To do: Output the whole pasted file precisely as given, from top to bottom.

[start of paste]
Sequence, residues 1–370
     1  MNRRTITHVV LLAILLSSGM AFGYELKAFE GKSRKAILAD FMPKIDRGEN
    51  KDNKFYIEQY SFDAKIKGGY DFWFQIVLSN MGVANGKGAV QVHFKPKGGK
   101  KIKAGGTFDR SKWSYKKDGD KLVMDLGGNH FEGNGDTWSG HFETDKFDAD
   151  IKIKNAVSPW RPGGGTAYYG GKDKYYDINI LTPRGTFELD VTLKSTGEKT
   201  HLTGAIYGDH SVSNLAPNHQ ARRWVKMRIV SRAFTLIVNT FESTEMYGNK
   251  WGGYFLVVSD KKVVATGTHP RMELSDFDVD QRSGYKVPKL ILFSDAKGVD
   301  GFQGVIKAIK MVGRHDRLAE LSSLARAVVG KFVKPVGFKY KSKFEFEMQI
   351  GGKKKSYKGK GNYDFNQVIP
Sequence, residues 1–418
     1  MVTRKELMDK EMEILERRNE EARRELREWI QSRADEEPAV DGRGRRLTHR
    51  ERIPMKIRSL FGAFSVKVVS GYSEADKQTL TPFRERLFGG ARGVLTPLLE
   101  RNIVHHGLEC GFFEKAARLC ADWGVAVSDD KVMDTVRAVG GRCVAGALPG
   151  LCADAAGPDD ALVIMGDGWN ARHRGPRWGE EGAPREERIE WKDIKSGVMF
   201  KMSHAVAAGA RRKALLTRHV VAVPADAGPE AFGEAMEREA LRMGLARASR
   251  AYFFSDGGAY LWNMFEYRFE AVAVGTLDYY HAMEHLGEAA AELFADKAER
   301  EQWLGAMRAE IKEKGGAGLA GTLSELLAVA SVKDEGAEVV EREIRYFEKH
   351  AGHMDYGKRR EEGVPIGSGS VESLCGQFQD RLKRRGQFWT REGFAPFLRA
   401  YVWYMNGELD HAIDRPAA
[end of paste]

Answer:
Sequence, residues 1–370
     1  MNRRTITHVV LLAILLSSGM AFGYELKAFE GKSRKAILAD FMPKIDRGEN
    51  KDNKFYIEQY SFDAKIKGGY DFWFQIVLSN MGVANGKGAV QVHFKPKGGK
   101  KIKAGGTFDR SKWSYKKDGD KLVMDLGGNH FEGNGDTWSG HFETDKFDAD
   151  IKIKNAVSPW RPGGGTAYYG GKDKYYDINI LTPRGTFELD VTLKSTGEKT
   201  HLTGAIYGDH SVSNLAPNHQ ARRWVKMRIV SRAFTLIVNT FESTEMYGNK
   251  WGGYFLVVSD KKVVATGTHP RMELSDFDVD QRSGYKVPKL ILFSDAKGVD
   301  GFQGVIKAIK MVGRHDRLAE LSSLARAVVG KFVKPVGFKY KSKFEFEMQI
   351  GGKKKSYKGK GNYDFNQVIP
Sequence, residues 1–418
     1  MVTRKELMDK EMEILERRNE EARRELREWI QSRADEEPAV DGRGRRLTHR
    51  ERIPMKIRSL FGAFSVKVVS GYSEADKQTL TPFRERLFGG ARGVLTPLLE
   101  RNIVHHGLEC GFFEKAARLC ADWGVAVSDD KVMDTVRAVG GRCVAGALPG
   151  LCADAAGPDD ALVIMGDGWN ARHRGPRWGE EGAPREERIE WKDIKSGVMF
   201  KMSHAVAAGA RRKALLTRHV VAVPADAGPE AFGEAMEREA LRMGLARASR
   251  AYFFSDGGAY LWNMFEYRFE AVAVGTLDYY HAMEHLGEAA AELFADKAER
   301  EQWLGAMRAE IKEKGGAGLA GTLSELLAVA SVKDEGAEVV EREIRYFEKH
   351  AGHMDYGKRR EEGVPIGSGS VESLCGQFQD RLKRRGQFWT REGFAPFLRA
   401  YVWYMNGELD HAIDRPAA